We’ve published a couple of points recently concerning accountability of councillors – but an area of civic responsibility that has not been addressed is touched on in the recent report of the Boundary Commission, which is reshaping Boston Borough Council from the 2015 elections.The main aim of the review is to try to ensure electoral equality, which means that each councillor represents about the same number of electors.
Boston Borough Council currently has 32 councillors in 18 wards.
The commission’s recommendations proposed 30 councillors in 15 wards – with each councillor responsible to around 1,600 voters.
So far, so good – but what none of this tells us is how busy the members of the new look council will be.
Until last year’s election the council had been under no overall control since local government reorganisation in 1973 – but a strong Tory influence gave them the upper hand most of the time which allowed them to fiddle while Boston burned.
Since last election, when the Tories won control of the council, they have had the free run of the Worst Street asylum – which allows them to tinker with the works and generally rough up the people who elected them.
A point raised in Boston Eye last week by the Labour Group deputy leader Councillor Paul Gleeson was that new rules relating to the information required for the register of councillors’ disclosable pecuniary interests were very limited.
At the time they were adopted, he suggested that – for the purposes of transparency and openness – the register of interests that was applied before the introduction of the new regulations should continue, and that such interests declared by members as appropriate during formal meetings.
This motion was lost – presumably because the ruling Tory group preferred the idea of as little information being available as possible.
The Labour Group has been very persistent on the issue of information being made available to voters. They started with demands for a list of councillors’ attendances at meetings to be published on the borough council’s website – and now it is available it is proving to be quite an eye-opener.
Labour has also pressed for the introduction of annual reports compiled by individual councillors to show how well – or otherwise – they have represented the electorate and the area in the previous twelve months.
So what does this have to do with the Boundary Commission changes?
Well, now that representation is so specific – with 1,600 voters per councillor – the idea of an annual report makes a lot of sense.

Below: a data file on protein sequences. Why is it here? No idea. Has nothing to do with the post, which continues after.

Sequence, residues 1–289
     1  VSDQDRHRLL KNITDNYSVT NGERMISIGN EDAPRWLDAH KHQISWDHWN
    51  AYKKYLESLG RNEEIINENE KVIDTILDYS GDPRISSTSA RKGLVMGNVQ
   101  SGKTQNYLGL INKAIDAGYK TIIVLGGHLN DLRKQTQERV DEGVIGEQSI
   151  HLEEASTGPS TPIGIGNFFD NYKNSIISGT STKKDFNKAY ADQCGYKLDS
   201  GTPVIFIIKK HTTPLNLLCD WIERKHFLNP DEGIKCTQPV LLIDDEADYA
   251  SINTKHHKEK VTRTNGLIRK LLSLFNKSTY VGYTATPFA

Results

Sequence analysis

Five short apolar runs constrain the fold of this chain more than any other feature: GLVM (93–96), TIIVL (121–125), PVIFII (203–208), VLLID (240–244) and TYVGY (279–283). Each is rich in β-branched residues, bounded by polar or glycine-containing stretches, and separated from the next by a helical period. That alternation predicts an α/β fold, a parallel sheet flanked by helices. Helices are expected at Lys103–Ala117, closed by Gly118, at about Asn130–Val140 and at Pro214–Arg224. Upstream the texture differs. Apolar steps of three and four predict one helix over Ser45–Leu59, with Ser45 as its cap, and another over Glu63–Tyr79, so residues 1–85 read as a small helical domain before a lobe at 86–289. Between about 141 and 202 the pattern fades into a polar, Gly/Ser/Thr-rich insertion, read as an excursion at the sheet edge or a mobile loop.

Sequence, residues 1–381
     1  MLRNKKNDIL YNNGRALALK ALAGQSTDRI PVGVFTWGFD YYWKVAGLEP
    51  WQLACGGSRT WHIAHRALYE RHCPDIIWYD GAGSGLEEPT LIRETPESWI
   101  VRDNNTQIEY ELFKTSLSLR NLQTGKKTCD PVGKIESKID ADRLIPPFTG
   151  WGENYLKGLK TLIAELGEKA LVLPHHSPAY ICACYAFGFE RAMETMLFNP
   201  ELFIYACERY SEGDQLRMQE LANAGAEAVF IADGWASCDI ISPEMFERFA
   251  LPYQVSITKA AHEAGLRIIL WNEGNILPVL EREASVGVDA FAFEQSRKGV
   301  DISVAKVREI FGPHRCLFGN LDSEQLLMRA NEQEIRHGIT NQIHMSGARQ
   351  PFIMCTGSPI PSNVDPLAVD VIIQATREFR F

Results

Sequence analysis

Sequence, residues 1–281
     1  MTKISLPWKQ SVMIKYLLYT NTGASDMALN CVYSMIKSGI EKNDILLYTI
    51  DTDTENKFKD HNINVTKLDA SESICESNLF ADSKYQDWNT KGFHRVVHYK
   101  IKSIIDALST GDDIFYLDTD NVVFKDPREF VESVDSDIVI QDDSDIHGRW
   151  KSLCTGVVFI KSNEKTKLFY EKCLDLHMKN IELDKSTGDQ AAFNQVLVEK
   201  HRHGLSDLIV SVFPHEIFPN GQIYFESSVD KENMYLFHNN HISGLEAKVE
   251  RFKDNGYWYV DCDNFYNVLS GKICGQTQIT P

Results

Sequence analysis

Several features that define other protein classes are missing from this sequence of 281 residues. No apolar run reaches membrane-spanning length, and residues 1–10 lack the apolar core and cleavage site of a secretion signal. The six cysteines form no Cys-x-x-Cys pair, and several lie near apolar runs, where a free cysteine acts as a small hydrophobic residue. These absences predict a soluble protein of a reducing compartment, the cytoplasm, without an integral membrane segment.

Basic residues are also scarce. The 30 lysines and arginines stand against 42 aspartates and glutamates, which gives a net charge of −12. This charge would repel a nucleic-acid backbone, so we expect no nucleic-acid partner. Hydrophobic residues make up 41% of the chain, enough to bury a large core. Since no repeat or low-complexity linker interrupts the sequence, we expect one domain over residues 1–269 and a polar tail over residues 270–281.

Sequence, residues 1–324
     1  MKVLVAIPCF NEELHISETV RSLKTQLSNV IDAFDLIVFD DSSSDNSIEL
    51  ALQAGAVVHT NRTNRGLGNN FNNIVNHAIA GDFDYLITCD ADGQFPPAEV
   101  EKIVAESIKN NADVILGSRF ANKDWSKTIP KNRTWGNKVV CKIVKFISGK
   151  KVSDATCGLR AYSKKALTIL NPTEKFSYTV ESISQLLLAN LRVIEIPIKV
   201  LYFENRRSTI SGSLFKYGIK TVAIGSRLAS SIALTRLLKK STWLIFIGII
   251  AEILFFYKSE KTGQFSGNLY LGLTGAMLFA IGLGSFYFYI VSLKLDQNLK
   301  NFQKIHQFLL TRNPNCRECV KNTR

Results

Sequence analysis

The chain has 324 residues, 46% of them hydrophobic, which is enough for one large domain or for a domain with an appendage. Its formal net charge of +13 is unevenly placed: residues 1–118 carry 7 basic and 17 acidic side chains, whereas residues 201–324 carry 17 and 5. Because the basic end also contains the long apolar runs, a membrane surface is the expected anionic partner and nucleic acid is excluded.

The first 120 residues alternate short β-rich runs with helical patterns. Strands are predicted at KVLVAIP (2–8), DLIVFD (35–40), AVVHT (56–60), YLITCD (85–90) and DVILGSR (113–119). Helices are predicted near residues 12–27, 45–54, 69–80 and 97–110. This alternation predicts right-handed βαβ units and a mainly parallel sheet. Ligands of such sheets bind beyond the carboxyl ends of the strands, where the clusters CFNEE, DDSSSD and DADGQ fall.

For instance, we have no idea how hard our councillors work other than b y looking at their attendance record.
It may be that those who turn up to few meetings are doing twice the ward word of those who attend all lessons.
But we don’t know.
Over the past fifteen or so years, we have raised issues with local councillors on several occasions. We have also written to three different Chief Executives and two leaders during that time.
Generally speaking, the responses have been political rather than constructive in that they contain much in the way of mouth, but little in the form of trousers.
If things are the same at ward level, it would paint a portrait of a council that is little more than a home for largely retired people with time on their hands for whom an easy couple of thousand a year is a welcome bonus.
We’ve taken a look at the website of Kirklees borough council, which is cited by Labour as an example of best practice in providing specific information about the individual duties of councillors.
This makes it very easy to see which councillors are pulling their weight, and which are having a relatively easy ride.
We agree with the Labour group that the more information is made available to voters, the better informed they will be when it comes to deciding where to put their cross at election time.
As has often been said, politics should have no place at local level.
The quality and loyalty to voters shown by councillors is far more important than their political colours.
But don’t expect much by way of action.
After all, whilst the Tories all but duplicated their election literature for the recent Frampton and Holme election, the glaring omission was last year’s promise of increased transparency and accountability.
Our former blog is archived at: http://bostoneyelincolnshire.blogspot.com